By Linda C. Brinson
I’ve read all Charles Todd’s books since that mother-son team’s first novel appeared in 1996. Now, we have the 15th in that first series (there’s now a Bess Crawford series as well). As with any series, some Inspector Ian Rutledge mysteries are better than others. But even those that might not be as completely satisfying suffer mainly in the comparison to other novels in the series. Judged against other police mysteries with historical settings, Todd’s books always measure up well.
PROOF OF GUILT. By Charles Todd. William Morrow. 343 pages. $25.99.
It’s the summer of 1920, and an unidentified dead man found in a London street presents a difficult puzzle for Inspector Ian Rutledge. Not only does he not know who the man is. He also doesn’t know where, why and how he was killed.
Tracking down what few clues he has, Rutledge learns that Lewis French, the British head of a firm that produces fine wine on the island of Madeira is missing. The missing man, however, does not appear to be the man who has been found dead, although there may be a connection.
As Rutledge looks further into the case, he learns a good deal about Lewis French and about the family business, with operations in Madeira and in England. There are a number of people who might have a motive to want French dead, and who might know something about the dead man. He has a partner in Madeira, who is supposed to be on his way to England. He has a jilted former girlfriend, and a current fiancé. Then there’s his sister, who has long resented being marginalized in the family business and treated as little more than a housekeeper.
Rutledge learns, too, about a violent episode in the family’s past. The more he looks into the case, the more he thinks that episode might have some bearing on what’s happening in the present.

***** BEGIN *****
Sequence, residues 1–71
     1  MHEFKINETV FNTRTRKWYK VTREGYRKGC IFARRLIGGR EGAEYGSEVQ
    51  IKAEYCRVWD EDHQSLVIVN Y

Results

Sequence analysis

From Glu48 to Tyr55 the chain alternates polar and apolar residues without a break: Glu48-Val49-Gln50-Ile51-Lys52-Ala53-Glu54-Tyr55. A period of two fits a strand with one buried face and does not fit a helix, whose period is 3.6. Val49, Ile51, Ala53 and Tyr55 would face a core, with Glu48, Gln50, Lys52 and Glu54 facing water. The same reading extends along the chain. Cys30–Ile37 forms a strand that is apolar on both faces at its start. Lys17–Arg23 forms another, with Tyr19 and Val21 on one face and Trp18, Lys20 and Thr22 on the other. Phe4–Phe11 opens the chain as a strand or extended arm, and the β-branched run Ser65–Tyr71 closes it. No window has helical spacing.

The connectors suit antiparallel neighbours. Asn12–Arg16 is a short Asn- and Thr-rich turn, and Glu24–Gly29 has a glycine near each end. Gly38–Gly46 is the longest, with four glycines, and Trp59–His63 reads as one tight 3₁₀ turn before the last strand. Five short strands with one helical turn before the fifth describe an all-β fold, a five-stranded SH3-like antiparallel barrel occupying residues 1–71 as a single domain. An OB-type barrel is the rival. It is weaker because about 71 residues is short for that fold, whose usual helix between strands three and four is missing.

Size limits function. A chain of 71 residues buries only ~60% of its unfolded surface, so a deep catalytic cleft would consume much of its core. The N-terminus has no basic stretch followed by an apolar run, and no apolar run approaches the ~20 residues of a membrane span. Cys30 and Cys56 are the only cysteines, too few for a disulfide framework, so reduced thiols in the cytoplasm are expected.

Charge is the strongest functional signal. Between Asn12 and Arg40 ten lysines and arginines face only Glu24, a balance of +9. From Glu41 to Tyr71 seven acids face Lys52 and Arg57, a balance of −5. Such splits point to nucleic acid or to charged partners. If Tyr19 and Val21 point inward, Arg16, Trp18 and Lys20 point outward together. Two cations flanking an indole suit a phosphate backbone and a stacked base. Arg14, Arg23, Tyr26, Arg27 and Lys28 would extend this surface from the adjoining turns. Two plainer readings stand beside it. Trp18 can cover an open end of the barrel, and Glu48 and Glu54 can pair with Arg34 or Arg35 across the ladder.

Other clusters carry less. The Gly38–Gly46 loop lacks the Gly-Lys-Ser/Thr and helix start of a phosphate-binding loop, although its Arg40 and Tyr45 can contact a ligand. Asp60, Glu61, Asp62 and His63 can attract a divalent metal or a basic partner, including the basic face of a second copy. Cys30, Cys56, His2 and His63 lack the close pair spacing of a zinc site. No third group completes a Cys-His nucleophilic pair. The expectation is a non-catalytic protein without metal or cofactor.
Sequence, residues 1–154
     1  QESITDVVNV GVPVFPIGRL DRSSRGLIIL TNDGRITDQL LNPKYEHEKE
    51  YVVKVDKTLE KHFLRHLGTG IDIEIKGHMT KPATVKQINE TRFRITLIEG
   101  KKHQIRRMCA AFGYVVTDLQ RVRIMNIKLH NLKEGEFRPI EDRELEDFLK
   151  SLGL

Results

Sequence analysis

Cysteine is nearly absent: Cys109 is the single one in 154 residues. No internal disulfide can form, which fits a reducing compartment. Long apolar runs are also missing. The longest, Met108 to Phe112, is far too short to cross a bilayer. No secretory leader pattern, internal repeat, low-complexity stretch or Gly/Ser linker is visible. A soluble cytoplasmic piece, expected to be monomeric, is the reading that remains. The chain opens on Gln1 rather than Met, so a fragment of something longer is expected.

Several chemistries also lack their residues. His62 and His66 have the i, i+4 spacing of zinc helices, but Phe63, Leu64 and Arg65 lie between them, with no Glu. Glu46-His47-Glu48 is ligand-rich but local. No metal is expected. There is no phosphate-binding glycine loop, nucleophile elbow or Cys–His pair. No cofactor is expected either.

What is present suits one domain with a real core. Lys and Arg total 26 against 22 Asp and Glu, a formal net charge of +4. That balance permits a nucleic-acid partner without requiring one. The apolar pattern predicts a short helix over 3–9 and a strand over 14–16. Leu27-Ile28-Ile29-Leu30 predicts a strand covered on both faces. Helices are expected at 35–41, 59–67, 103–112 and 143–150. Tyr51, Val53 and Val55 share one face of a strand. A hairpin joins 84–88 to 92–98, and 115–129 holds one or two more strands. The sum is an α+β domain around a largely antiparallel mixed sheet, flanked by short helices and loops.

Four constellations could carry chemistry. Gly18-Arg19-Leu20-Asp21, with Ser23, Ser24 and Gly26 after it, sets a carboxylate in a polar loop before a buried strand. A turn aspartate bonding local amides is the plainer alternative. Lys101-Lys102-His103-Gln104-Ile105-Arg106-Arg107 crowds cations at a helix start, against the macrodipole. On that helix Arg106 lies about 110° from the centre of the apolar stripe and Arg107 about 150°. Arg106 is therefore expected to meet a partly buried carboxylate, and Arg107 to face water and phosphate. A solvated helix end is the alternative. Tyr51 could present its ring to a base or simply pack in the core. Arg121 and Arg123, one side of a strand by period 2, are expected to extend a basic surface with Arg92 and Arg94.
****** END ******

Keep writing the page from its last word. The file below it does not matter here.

Unfortunately, he also has to deal with the new acting chief superintendent, who has other ideas about the case. The boss thinks Rutledge is stubbornly wasting time.
Longtime readers of the series will know that, although his mental and emotional state is improving, Rutledge still suffers from a form of Post Traumatic Stress Disorder – known in those days as shell shock – from his experiences as an officer in World War I. Specifically, the voice of Hamish, a young Scotsman Rutledge had to kill when he disobeyed orders in the heat of battle, speaks in his head. Hamish is not as much a factor as he was in the early books in the series, but he’s still there from time to time, often offering a timely warning. When I started reading the Ian Rutledge books, I found Hamish distracting, but I have learned to accept him as a part of Rutledge.
More troubling is the multitude of characters in this book, some of whom don’t become sufficiently alive for the reader to immediately recognize them when they re-enter the story. This is an intricate mystery, with a good plot, but the reader is in danger of getting overwhelmed. I am not the first reviewer to suggest that Charles Todd might help by using the tried and true device of a cast of characters listed at the book’s beginning. Then the reader who gets momentarily bewildered can refresh her memory and return to trying to solve the mystery.
All in all, though, this book is well worth the reading. As always, Todd gives us rich details of life in England after the Great War, when so much had changed and people were struggling to re-establish some semblance of life as they had known it. And the honorable Rutledge, broody and troubled as he is, carries on with a strong sense of what is right and what is just.